Emily Skarbek, lecturer in political economy, Kings College London, Tweets a plug for her new course:
“Smithian solutions to Hobbesian problems? Fall 2015 Constitutional Political Economy begins now!”
Very interesting, I’m sure. But these “Smithian solutions”, assuming they exist, would be quite superfluous.
From Jasay’s “Prisoners’ dilemma and the Theory of the State”:
In two key passages of Leviathan the Foole tells himself that, as “there is no such thing as Justice” and “every man’s conservation, and contentment (is) committed to his own care,” … “there is no reason why every man might not … keep or not keep Covenants.” He then finds to his dismay that if justice does not demand the keeping of covenants, expediency does: for if he breaches his covenant, he “cannot be received into any Society” […] “but for the errour of them that receive him.” It takes a Foole to rely on “errour” and collective foolishness to let him get away with it. Foolishness is surely an inadequate source from which to draw the imperative need for an enforcer of covenants.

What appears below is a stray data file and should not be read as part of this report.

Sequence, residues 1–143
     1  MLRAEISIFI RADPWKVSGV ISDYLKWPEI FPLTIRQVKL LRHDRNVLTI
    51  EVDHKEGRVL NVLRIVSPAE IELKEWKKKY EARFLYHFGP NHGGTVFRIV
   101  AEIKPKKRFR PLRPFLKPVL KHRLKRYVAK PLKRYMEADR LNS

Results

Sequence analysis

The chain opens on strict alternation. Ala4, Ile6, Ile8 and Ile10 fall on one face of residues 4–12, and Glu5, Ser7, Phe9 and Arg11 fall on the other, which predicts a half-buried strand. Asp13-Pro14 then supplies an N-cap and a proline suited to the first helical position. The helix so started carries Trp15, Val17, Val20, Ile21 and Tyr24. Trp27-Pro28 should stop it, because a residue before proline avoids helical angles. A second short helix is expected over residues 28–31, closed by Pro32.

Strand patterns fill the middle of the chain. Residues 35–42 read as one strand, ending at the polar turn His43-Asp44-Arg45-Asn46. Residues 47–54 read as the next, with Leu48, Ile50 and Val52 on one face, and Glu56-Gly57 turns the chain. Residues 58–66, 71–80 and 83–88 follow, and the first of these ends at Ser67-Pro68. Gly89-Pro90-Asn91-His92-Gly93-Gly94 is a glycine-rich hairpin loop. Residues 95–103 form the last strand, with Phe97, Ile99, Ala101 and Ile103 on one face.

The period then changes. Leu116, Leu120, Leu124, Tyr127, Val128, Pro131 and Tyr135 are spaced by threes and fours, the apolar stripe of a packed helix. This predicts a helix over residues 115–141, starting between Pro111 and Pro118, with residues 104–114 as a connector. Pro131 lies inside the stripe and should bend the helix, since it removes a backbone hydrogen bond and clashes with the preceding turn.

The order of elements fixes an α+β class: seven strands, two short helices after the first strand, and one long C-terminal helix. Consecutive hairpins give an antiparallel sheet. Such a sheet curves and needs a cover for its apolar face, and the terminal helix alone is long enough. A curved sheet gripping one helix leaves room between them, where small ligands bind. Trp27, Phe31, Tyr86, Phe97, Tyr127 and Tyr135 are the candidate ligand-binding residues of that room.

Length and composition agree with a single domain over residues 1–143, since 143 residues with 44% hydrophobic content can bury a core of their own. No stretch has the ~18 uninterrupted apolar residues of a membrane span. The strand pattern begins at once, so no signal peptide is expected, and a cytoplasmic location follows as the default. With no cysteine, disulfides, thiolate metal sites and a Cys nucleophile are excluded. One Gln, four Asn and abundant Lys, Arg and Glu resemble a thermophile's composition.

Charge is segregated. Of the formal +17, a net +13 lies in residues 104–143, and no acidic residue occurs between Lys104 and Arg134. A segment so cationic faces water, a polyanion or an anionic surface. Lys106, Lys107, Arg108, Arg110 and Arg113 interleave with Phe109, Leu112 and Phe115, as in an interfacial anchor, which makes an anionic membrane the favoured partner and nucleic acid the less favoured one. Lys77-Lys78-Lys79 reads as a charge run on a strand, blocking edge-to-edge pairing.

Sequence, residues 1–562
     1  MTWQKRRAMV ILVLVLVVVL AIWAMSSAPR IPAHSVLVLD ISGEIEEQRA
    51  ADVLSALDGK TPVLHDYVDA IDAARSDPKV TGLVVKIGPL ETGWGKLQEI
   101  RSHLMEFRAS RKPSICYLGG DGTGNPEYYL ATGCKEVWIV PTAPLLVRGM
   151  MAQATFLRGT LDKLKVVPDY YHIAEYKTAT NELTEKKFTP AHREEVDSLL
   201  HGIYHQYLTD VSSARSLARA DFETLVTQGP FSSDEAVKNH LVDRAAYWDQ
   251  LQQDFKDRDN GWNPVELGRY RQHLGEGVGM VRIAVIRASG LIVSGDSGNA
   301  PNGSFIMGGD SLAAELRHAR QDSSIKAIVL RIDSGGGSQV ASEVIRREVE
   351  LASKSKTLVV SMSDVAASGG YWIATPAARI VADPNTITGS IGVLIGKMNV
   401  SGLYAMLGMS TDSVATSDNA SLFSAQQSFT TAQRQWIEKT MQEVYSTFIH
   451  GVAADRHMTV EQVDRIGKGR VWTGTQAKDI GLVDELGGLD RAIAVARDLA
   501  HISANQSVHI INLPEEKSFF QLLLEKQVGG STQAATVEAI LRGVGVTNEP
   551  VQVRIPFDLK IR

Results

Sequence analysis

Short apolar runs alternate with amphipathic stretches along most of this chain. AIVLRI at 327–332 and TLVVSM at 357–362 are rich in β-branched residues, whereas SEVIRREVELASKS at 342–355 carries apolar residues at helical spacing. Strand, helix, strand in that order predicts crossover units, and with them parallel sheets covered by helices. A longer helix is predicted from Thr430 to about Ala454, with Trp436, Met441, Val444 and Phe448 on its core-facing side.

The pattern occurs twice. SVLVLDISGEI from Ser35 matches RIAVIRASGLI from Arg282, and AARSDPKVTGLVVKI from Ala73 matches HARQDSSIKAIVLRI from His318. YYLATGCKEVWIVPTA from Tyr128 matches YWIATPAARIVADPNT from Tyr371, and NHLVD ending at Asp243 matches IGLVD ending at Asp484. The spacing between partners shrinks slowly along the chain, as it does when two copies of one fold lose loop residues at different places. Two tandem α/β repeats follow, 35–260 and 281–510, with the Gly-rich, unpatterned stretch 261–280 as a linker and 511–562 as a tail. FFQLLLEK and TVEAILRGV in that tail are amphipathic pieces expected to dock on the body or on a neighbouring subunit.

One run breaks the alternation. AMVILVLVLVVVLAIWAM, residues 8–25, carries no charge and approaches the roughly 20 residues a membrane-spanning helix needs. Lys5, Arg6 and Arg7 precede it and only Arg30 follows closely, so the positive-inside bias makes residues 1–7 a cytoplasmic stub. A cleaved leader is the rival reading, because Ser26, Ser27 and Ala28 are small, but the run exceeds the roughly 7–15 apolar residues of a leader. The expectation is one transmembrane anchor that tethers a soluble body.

Yet such are the workings of the “sociology of knowledge” that public consciousness does not retain the Foole, but does retain the bowdlerised War of All Against All.
pp42-42 Justice and its Surroundings
The “bowdlerised War of All Against All” refers, roughly, to this: In Hobbes, “war” has a special meaning. A state of “war” exists whenever there is no guarantee of peace. For Hobbes only Leviathan can guarantee peace. (Leviathan, Chapter 13, Paragraph 8.) That is, it follows from his definitions that Hobbes is right; and if we don’t pay attention to his peculiar definitions, we will feel that he must be right.